Studies show that there is no connection between playing rough games with your dog and aggression, but one way that dogs use to test their ability to win competitions is through rough games. If your dog plays rough games with you they are less likely to inhibit their behaviour towards you at other times. If your dog defers to you, obeys you when you ask and you are happy with your relationship, there is no need not to play any type of game. If your dog is showing aggression, particularly towards you or other family members, playing rough games may well be contributing to it.
Playing rough games does not cause aggression, but it can give your dog an unrealistic impression of their ability to control you, which can lead to a lack of consistency in your relationship, which may cause aggression in some dogs. If your dog is already showing aggression towards family members, playing rough games is likely to make them worse.
Relationships with pet dogs are far too complicated to be defined as simply either dominant or subordinate. “Asserting dominance” is an outdated concept that modern behaviourists do not think is an appropriate way of interacting with our pets. If your dog is aggressive you may well need to adjust your relationship to take them under your control, but this should not be done in the confrontational manner suggested by “asserting dominance”. Things such as “staring them out”, shaking them by the scruff, rolling them over, holding them down, “Alpha rolls”, holding their jaws, smacking, or any form of physical punishment, at best may do little good and at worst will severely worsen aggression in your dog. Even less brutal interventions thought to support dominance, such as “making them eat after you” or “standing in their bed from time to time” have little basis in science and are unlikely to have a positive effect on aggression.
nfortunately breeding from parents that show aggression and the effects of very early upbringing could establish a tendency to use aggression before new owners even see their puppy.
Assuming you’ve done the right thing by researching the kind of dog that fits your lifestyle and buying from a reputable source, you will have been to see the puppy with their mother, brothers and sisters and established that they are happy and contented. From birth, the puppies should have been regularly interacting with people in a normal family environment, not shut away in a barn or shed. Always try to see a pup in their home well before the day on which you pick them up, so you can walk away if the conditions aren’t right. Remember, you could be caring for this dog for the next twenty years; don’t make the mistake of choosing one that has had such a bad start in life, as, without specialist help, they are more likely to be aggressive when they grow up.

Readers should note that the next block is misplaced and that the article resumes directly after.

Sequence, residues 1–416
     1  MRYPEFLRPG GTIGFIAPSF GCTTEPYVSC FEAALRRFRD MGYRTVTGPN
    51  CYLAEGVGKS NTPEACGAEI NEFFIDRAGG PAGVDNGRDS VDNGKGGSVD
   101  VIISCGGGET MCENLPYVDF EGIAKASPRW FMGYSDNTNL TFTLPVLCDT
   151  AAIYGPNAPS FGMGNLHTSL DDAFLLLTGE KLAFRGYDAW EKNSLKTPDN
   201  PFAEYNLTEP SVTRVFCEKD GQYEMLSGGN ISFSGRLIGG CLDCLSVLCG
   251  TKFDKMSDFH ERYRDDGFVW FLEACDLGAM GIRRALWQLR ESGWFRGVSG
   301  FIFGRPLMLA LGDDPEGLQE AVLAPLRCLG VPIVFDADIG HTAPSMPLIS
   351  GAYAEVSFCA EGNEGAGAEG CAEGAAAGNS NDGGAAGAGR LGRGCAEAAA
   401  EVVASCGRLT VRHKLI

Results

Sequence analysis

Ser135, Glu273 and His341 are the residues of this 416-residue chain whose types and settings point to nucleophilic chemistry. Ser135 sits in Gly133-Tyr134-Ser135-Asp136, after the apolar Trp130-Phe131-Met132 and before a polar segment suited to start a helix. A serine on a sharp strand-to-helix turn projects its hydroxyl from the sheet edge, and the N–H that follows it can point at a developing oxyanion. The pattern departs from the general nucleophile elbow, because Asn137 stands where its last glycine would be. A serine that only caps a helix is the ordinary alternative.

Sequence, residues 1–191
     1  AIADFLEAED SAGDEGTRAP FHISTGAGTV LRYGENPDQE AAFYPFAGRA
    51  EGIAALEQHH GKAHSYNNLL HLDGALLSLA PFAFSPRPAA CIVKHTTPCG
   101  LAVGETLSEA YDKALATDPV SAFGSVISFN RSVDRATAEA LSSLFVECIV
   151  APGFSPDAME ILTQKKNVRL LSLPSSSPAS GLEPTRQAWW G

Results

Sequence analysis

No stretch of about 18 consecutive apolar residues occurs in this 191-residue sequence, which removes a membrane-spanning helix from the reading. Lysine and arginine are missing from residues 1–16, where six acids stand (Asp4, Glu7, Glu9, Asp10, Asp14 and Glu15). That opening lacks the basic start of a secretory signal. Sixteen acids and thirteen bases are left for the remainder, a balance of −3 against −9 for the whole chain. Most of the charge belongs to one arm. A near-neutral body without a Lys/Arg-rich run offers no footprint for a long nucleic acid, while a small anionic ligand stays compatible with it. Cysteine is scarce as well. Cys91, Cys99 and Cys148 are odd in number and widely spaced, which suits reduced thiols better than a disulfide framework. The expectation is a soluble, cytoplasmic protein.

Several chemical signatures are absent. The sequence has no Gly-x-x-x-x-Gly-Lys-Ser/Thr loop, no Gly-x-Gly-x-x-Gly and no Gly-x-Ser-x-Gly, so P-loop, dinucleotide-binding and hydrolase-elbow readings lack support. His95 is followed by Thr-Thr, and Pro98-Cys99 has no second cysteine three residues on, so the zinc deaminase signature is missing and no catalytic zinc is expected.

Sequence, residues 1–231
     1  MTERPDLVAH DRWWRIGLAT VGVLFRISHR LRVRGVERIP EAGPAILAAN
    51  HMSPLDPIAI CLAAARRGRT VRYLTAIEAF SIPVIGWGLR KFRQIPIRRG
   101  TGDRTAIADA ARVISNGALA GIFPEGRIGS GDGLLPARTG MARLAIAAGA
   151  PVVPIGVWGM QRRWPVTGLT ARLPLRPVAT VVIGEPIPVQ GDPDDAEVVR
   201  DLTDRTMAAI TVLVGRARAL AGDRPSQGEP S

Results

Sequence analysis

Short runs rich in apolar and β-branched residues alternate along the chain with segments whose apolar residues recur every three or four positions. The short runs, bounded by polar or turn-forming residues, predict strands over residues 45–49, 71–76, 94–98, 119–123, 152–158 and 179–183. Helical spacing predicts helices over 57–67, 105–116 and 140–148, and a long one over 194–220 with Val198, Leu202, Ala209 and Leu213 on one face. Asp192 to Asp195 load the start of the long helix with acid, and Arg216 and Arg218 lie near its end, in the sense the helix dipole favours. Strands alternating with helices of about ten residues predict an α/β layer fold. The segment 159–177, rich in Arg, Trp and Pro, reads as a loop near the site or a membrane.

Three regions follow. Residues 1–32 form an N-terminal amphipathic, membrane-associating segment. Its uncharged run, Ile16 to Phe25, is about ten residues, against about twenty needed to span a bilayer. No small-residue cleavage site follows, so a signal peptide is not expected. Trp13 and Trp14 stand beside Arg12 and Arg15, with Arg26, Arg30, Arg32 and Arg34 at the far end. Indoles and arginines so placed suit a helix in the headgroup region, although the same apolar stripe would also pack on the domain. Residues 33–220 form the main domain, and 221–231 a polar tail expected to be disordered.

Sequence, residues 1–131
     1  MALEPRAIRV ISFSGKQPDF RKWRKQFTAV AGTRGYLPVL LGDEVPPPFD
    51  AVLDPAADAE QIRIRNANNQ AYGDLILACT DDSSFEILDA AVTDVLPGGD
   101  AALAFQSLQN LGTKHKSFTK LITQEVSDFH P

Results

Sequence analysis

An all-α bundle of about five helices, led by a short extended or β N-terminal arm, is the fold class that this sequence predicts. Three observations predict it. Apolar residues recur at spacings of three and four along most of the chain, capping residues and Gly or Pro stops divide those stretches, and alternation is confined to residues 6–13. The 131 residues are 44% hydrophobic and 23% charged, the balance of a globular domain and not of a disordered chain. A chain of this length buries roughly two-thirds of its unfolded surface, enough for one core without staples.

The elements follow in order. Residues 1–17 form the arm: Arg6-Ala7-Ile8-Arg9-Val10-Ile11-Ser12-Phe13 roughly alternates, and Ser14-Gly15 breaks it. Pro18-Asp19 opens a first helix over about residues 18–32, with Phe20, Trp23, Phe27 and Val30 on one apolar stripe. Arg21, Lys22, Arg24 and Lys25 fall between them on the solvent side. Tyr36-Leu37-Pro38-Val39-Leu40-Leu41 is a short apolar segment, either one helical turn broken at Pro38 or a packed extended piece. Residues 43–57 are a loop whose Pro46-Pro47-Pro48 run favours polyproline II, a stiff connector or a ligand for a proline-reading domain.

Having got your puppy home you need to gradually increase their exposure to all the different things that they will experience as they grow up. This is often referred to as “socialisation” and one of the best ways of starting out is to enrol in a puppy class where the environment is tightly controlled. Your veterinary surgeon may be able to advise you of puppy classes in your area run by a properly qualified person, where you can get extensive advice on avoiding aggression in the future. Puppy classes are not legally regulated, so you should make sure that you choose someone who has real qualifications. This is a crucial time in your puppy’s development and a badly run class could damage them for life. (See FAQ Where to go for help)
There is no reason for a dog to become aggressive because you have a new child, but children bring with them a huge change in your circumstances that may have an effect on how you relate to your dog. You may not have time to walk them as much, or be hampered by a pram when you do; lack of sleep might make you a little less tolerant and maybe a little grumpy; you may not be able to cuddle your dog as much because you have a baby on your knee. None of these things may have a direct impact that causes aggression, but they may make your dog more unsettled.
It is a good idea to prepare your dog for the changes before they actually happen, so you can gauge their reaction. Dogs that have no experience of children and babies may take longer to adjust than those who are familiar with them.